We also transmitted only the 1555.7 nm laser channel. After then, we transmitted the incoherent ASE from an EDFA at the same bit rate and compared the results. In the latter case, the two receiver optical filters and EDFA3 were not used. The received powers were about –22 dBm with 2 dB power fluctuations in both light sources.

3. Results and Discussion

Figure 2 shows the received spectrum measured instantaneously for the 4×10 Gb/s transmission. The eye diagrams for the first 1555.7 nm channel before and after the transmission are shown in Fig. 3.

Fig. 2. Received spectrum.

Both eye diagrams are clearly open. Even under the rain, which occurred for a short time during the experiment, the eye performance was not degraded appreciably. The Q values and the channel power fluctuations before the PIN diode are shown in Table 1. All the received channels have Q values higher than 6. The Q value at the back-to-back operation is 10.17 for the first 1555.7 nm channel. It is worth to note that the channel fluctuations and Q values measured from the finite time interval are random variables. Although the Q value estimation does not give the BER directly, it gives an upper bound of BER even in non-Gaussian statistics especially in our experiment using the long random data pattern [7

7. N. S. Bergano, Undersea amplified lightwave systems design, in Optical Fiber Telecommunications IIIA, I. P. Kaminow and T. L. Koch, ed., pp. 317–318, (Academic Press, San Diego, C.A.1997).

].

Since the optical power level per channel before the optical preamplifier should be -30~-32 dBm per channel typically to obtain 10–12 BER, the power margin of this system is only a few dB. The power margin can be easily increased if we increase the booster amplifier output power and optimize the optics in the transmitter and the receiver telescopes.

The beam diameter at the receiver side was about 40 cm. Thus, the beam spreading loss after the transmission is 6 dB. The beam diameter at the transmitter side was about 25 cm implying 2 dB beam spreading loss even at the back-to back operation.

For the single channel transmissions, the Q values for the laser channel and for the ASE channel are very similar, 7.44 and 7.05, respectively. The laser channel loses its temporal coherence owing to the deformation of the wavefront during the transmission. Thus, the performance of the laser channel is degraded close to that of the incoherent channel in this case. The received spectrum of the incoherent channel is shown in Fig. 4.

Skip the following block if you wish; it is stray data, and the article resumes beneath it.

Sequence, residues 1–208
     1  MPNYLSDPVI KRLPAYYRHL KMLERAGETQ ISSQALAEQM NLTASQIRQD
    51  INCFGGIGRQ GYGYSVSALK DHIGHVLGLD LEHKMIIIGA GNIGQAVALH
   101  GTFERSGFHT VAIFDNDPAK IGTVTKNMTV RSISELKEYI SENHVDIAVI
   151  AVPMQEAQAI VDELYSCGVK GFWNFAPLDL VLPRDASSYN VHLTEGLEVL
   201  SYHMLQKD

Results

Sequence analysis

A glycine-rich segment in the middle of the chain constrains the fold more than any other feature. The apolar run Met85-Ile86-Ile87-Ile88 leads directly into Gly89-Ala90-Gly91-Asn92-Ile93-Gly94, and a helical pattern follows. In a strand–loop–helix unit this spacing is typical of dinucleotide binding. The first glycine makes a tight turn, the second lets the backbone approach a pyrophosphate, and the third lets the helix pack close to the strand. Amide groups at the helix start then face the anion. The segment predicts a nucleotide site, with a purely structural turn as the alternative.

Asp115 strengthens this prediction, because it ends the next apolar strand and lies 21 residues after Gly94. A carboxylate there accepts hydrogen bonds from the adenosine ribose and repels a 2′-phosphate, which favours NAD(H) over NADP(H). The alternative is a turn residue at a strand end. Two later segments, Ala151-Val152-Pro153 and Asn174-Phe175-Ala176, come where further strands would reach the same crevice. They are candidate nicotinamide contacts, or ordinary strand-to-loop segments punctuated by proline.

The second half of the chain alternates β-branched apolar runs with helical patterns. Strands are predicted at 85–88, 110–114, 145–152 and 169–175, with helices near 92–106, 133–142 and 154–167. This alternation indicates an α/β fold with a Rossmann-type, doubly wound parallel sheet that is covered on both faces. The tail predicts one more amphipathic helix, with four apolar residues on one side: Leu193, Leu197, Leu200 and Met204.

Fig. 3. Eye diagrams for the first 1555.7nm channel (a) before and (b) after the transmission.

Table 1. Q values and channel power fluctuations before the PIN diode.

table-icon
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The short wavelength part is severely attenuated owing to the H2O components in the air. Thus, the longer wavelength ASE, for example, from the L-band EDFA will be more advantageous in incoherent OFSC systems.

Fig. 4. Received spectrum of the incoherent ASE channel.

In Figure 5, we have shown the distribution of the received intensity for the 1555.7-nm single laser channel transmission after turning off the modulation. Assuming a log-normal distribution, we find the scintillation index as 0.155 which is in the regime of weak fluctuations [8

8. L. Andrews and R. L. Phillips, Laser Beam Propagation through Random Media. Bellingham, Washington USA: SPIE Optical Engineering Press, pp. 112–113, (1998).

]. The scintillation index is defined as <I2><I>21, where I is the received intensity and <·> is the average of its argument.

With the SMF coupling at the receiver, the fiber-to-fiber loss is 25 dB in the back-to-back operation, 11 dB larger than the MMF coupling in [3

3. G. Nykolak, P. F. Szajowski, J. Jacques, H. M. Presby, J. A. Abate, G. E. Tourgee, and J. J. Auborn, “4×2.5 Gb/s 4.4 km WDM free-space optical link at 1550 nm,” in Proc. OFC ’99, paper PD11.

]. However, the SMF pigtail has higher quantum efficiency than the MMF pigtail in 10 Gb/s or faster photo-detectors. In addition, various conventional WDM devices can be used in the standard 100-GHz channel spacing or less.

Fig. 5. Distribution of the received intensity for the continuous-wave laser channel.

4. Conclusion

We have successfully transmitted 4×10 Gb/s WDM channels over 1.2 km of free space with the standard 100-GHz channel spacing. An EDFA preamplifier has been used at the receiver. We have also performed 10 Gb/s single channel transmissions using coherent and incoherent lights separately and shown that both have similar performances.

Acknowledgments:

This work was supported by grant No.2000-1-30200-004-3 from the Basic Research Program of the Korea Science & Engineering Foundation.